I recall as a kid, the diligence and discipline it took to consistently practice the piano. There were many distractions: Kids in the neighborhood wanting to play ball; television (albeit only five channels to choose from!), etc. But there would be NO greater distraction than the piercing eyes, the austere facial reaction and deep breath sighs of my father when it was proof that I didn't practice prior to the lesson later that week with Mr. Freche. Yes, my father accompanied every lesson and sat there to make sure I was doing my work. And even though God had bestowed me with this natural gift, it still needed refining. I had to work at it. And work at it I did, ever since I turned ten years of age.
I hear of young musicians who lack patience or couldn't care less about inspired instruction. Technology has been amazing, but it's a facade of training or teaching too, if there's no fundamentals. Wow! Who wouldn't want that?? Gee - Press one key - and you've got an entire orchestra!
Here's my truth: I never liked practicing either. I never looked forward to practice. But since I enjoyed putting my feet under my mother's table eating her food and also fearing for my life with my dad, I practiced. And I practiced some more. Old school stuff.
"Just how many Lari Goss or Roger Williams albums (33 and 1/3... vinyl) did you wear out, Jeff, back in the day, when you were trying to copy and mimic their chord progressions and piano moves?"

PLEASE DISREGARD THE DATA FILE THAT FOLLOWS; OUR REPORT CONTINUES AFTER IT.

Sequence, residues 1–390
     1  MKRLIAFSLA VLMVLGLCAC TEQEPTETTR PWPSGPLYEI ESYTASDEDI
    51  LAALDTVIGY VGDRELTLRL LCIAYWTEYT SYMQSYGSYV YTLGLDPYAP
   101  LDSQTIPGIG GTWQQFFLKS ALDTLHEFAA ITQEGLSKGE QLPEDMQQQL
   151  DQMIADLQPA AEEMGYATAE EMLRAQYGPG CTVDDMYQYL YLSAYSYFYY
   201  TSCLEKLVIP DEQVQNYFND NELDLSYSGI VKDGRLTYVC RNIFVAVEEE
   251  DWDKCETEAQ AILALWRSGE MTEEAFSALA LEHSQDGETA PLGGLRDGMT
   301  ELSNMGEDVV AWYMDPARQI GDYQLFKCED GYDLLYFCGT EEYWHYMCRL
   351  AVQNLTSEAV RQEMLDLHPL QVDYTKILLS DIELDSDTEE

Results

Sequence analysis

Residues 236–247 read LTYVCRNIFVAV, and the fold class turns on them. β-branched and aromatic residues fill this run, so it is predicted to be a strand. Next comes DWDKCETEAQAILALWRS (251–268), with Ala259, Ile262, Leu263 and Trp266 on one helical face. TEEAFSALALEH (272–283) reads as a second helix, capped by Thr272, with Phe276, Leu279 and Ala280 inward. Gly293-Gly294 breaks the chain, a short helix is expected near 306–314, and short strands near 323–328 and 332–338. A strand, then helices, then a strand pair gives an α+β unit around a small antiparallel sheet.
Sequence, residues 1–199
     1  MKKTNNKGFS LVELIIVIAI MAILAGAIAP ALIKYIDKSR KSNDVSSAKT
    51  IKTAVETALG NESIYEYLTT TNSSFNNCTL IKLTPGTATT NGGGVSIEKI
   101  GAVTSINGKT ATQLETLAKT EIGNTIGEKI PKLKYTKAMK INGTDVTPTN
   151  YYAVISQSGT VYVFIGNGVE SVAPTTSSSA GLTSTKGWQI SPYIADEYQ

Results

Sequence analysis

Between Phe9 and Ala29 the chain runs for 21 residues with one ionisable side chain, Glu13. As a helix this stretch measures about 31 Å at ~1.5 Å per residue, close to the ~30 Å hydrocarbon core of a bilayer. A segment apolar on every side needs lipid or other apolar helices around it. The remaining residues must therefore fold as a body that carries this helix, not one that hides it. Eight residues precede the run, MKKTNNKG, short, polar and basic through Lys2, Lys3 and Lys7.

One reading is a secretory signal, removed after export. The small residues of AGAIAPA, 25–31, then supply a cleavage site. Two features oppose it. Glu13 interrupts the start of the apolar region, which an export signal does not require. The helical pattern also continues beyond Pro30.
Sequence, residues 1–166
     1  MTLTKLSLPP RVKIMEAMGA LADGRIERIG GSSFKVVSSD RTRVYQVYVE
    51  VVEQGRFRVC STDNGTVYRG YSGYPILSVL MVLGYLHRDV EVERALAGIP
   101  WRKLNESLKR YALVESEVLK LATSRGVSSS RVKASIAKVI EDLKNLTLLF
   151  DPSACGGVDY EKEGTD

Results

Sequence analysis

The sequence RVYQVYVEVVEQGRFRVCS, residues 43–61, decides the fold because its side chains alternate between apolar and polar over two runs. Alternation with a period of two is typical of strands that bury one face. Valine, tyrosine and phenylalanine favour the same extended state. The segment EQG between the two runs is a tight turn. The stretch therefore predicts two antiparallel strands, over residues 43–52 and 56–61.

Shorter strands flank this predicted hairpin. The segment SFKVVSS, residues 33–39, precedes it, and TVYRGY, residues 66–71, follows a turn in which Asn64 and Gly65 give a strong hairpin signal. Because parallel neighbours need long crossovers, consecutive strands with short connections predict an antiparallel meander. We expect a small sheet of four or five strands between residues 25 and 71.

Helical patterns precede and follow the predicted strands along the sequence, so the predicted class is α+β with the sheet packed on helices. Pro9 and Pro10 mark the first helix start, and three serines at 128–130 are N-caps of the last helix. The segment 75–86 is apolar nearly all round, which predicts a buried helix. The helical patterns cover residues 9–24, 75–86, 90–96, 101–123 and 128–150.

That's like the question no one has ever asked me. But, let's just say, I ruined quite a few til they were practically playing both sides at once. Before cell phones, computers and cable TV - this was my life. Practice the piano; play the piano; practice; play the record player; pick up the needle, place it back at the beginning; listen again, and again... You get the picture. Later would come an even greater distraction, but I married her. She happened to sing, so that was convenient. :)
Discipline does pay off. I've made a living for more than forty years because of this irritating word: Practice. I sound like Allen Iverson. But here's a few points that never change regardless of your musical aptitude:
- Find a teacher who not only knows the stuff, but can also play it too
- Surround yourself with other musicians who are better than you
- Take an inventory every once in a while, to see if you're progressing
- Listen to music OUTSIDE of your current interest and venue
- Take positive criticism; learn from it
- Expand your musical horizons, which really means, "Get off your butt and get creative"..
John Maxwell's book, "Talent Is Never Enough" grips the heart of every gifted person. No matter what, there are other factors that can be combined with talent to achieve your goals: passion, initiative, focus, preparation, practice, perseverance, courage, teachability, character, relationships, responsibility and teamwork. You need this book.
So what did I give up? I gave up listening to all the nay-sayers in my life that said I couldn't make a living at it. I gave up trying to compare myself with other keyboardists too. But I really gave up arguing with my wife - when all she really wants me to do is just....sit....down....and....play. And since I enjoy her cooking and like to eat, I think I'll do just that: Practice playing. The piano.